Ithaca College hosted a moderated discussion Aug. 21 with the Emmy-nominated and Peabody-winning producer and writer, Steven Canals. Moderated by Eleanor Kay ’23, Canals gave insight into his path through education at a primarily white institution as a person of color and talked about how he navigated his professional life with the success he has had in screenwriting and producing.
Canals most notably is the co-creator and producer of the FX television show “Pose,” which has the largest transgender cast in television history, highlighting LGBTQIA+ people of color. He was also a staff writer on “Dead of Summer” in 2016.
Canals’ visit was co-sponsored by the Office of New Student and Transition Programs; the President’s Office; the BIPOC Unity Center; and the Center for LGBT Education, Outreach and Services and was held in the Athletics and Events Center. The rows set up for students were filled, an excited buzz circling the crowd before Canals began the discussion.
Canals began by discussing his upbringing and how it was impacted by the HIV/AIDS epidemic in the 80s. He said his working-class family’s deep love for music, film and television became a salvation for him.
“My parents, who were very young in their early 20s … when they had me, were very supportive of any creative endeavors,” Canals said. “I think they wanted to certainly break the cycle and so they were very encouraging.”
He later went on to talk about his opportunity to first start filming, highlighting his experiences joining a youth ministries program which allowed him to begin using a camera. He said this sparked his creativity to use his voice through the channel of film on topics that he found important — in this case, his first documentary short.
Canals’ humble upbringing resonated with first-year Ruby Kiesewalter, who said that it is inspiring to see people from smaller backgrounds succeed.
“I think it’s almost discouraging to look in the media and see big figures like that and know they came from wealth,” Kiesewalter said.
Canals took a less traditional route through college, taking a two-year gap year before starting and adding an extra year to finish. While in college, he said he found that being in a creative arts field could be incredibly discouraging.
“It’s difficult to be in an academic environment where someone is telling you, ‘Yeah, but there’s something off about the way that you’re expressing yourself,’” Canals said.
Sadie Evans, a first-year student who attended the discussion, felt similarly and said that as an aspiring screenwriter, she finds that her career is less stable than some of her peers who are focused on careers with more linear paths.
“It’s a nerve-wracking experience because you don’t know what’s guaranteed with the future financially, creatively, in general, and there’s a lot of doubt that comes with that, like self-doubt, so hearing someone talk about it and talking about working through the struggle was really important for me to continue what I love doing,” Evans said.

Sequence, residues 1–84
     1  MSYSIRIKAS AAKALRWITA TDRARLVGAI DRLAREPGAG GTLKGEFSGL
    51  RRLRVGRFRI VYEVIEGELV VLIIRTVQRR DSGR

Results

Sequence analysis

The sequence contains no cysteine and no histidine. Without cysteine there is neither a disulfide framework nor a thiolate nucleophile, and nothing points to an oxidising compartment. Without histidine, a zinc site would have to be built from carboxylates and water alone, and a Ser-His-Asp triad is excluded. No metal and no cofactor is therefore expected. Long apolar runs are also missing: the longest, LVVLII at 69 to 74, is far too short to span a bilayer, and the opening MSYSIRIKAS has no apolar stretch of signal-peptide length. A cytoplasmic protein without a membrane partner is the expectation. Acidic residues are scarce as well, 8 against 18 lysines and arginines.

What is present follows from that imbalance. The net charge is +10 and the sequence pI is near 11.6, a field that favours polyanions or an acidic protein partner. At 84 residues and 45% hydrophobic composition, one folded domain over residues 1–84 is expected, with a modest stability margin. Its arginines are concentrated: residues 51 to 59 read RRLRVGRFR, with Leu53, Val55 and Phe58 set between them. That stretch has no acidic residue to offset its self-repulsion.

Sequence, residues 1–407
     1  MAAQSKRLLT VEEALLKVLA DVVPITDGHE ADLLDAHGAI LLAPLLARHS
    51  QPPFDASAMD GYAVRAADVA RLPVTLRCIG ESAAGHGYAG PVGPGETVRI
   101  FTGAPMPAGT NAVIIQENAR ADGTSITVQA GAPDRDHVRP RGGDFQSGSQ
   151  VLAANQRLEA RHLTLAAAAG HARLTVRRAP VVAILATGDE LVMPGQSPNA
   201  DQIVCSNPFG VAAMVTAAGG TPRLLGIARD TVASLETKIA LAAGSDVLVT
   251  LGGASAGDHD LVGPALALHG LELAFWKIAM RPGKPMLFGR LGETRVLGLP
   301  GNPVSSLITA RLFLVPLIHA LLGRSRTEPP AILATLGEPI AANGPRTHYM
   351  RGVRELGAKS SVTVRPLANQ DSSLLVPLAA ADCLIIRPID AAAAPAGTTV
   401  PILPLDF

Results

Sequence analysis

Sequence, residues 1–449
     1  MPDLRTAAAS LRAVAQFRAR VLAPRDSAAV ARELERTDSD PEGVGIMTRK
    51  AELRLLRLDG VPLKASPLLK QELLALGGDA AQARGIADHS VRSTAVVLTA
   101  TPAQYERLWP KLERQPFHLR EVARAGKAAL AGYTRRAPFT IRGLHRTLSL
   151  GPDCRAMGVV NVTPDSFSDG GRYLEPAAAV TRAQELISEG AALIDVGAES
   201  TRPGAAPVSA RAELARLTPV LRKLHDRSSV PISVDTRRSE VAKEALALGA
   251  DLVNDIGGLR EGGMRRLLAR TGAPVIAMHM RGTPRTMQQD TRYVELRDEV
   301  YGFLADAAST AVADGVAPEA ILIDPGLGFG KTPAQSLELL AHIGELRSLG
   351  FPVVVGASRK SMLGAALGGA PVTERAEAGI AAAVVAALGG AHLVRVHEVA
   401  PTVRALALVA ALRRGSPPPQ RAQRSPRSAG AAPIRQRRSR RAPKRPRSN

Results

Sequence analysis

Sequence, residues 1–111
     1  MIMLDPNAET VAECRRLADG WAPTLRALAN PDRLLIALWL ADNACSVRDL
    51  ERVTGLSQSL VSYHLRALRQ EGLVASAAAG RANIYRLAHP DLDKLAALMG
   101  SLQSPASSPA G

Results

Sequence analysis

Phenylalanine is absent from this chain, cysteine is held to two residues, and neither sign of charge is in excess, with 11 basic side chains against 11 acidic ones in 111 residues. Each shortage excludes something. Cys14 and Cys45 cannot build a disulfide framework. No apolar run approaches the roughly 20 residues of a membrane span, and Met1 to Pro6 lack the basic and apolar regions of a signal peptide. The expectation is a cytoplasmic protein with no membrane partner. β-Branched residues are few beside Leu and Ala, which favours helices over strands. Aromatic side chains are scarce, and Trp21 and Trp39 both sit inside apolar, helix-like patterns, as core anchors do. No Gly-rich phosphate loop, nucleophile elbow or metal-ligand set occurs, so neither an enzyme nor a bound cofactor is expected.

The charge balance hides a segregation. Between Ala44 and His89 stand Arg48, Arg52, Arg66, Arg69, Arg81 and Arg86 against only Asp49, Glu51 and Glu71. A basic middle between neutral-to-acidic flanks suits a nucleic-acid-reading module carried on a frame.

Canals had attended Binghamton University for his B.A. and M.A. After his graduation, he worked in student affairs and was a residence hall director for SUNY Cortland, and then worked as the associate director for Gender and Sexual Orientation Initiatives at Allegheny College in northwestern Pennsylvania.
During the discussion, Canals then turned his attention to addressing the first-year students in the audience, talking about how orientation was one of the first big steps during his time at college.
He said he felt like it was hard to go up to other students and start a conversation, and found that the schedule of orientation helped.
When asked about campus involvement and activities, Canals said he had joined a photography club and was also given opportunities through this to learn the methods behind physical film. He also went on to mention a talk show that he worked on during his junior year of college with a friend to discuss some of their favorite films.
“We’d talk about if we like the film, and then what things we thought were really interesting about it,” Canals said, “So those were, I think those are probably the two experiences that were the closest to the work that I’m doing now.”
Canals went on to speak about the importance of focusing on his own work in college, regardless of whether others’ work is better. By limiting that type of comparison, he said he felt that he began to see himself more personally and creatively.
Students enjoyed Canals’ message, which gave the incoming first-years a great kick-off talk about how to get and stay involved, and that despite there being challenges in life, it is crucial to keep moving forward.
“I think it’s encouraging, because they came from a small town themselves, a smaller college, a smaller city, wherever, and they were able to create something with themselves,” Evans said, “So I think it can inspire students and give them the motivation and the hope that they can also do something like that as well.”
Sarah O’Malley, a first-year student, also appreciated the talk, as she said she found it helpful for her career path.
“I liked him a lot, especially for me. I want to go into directing as well so the fact that he was giving advice on that aspect was what I liked about it,” O’Malley said.
Editor’s note: Eleanor Kay is a former managing editor of The Ithacan